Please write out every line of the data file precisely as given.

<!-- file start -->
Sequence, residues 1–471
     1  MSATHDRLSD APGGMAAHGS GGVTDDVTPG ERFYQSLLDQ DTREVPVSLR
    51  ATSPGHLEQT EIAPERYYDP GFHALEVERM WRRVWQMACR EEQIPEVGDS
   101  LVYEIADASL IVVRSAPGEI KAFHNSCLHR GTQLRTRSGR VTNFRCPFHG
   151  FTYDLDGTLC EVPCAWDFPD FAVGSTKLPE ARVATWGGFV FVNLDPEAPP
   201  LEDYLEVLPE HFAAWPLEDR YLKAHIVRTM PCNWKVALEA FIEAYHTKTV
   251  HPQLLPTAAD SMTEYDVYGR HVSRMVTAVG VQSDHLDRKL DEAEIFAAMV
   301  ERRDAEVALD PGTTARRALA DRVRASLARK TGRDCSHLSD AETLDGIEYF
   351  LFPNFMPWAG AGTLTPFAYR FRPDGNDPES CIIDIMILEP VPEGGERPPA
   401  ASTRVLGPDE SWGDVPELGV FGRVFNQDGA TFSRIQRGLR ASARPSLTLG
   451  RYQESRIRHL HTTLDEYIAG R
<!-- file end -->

Sequence, residues 1–471
     1  MSATHDRLSD APGGMAAHGS GGVTDDVTPG ERFYQSLLDQ DTREVPVSLR
    51  ATSPGHLEQT EIAPERYYDP GFHALEVERM WRRVWQMACR EEQIPEVGDS
   101  LVYEIADASL IVVRSAPGEI KAFHNSCLHR GTQLRTRSGR VTNFRCPFHG
   151  FTYDLDGTLC EVPCAWDFPD FAVGSTKLPE ARVATWGGFV FVNLDPEAPP
   201  LEDYLEVLPE HFAAWPLEDR YLKAHIVRTM PCNWKVALEA FIEAYHTKTV
   251  HPQLLPTAAD SMTEYDVYGR HVSRMVTAVG VQSDHLDRKL DEAEIFAAMV
   301  ERRDAEVALD PGTTARRALA DRVRASLARK TGRDCSHLSD AETLDGIEYF
   351  LFPNFMPWAG AGTLTPFAYR FRPDGNDPES CIIDIMILEP VPEGGERPPA
   401  ASTRVLGPDE SWGDVPELGV FGRVFNQDGA TFSRIQRGLR ASARPSLTLG
   451  RYQESRIRHL HTTLDEYIAG R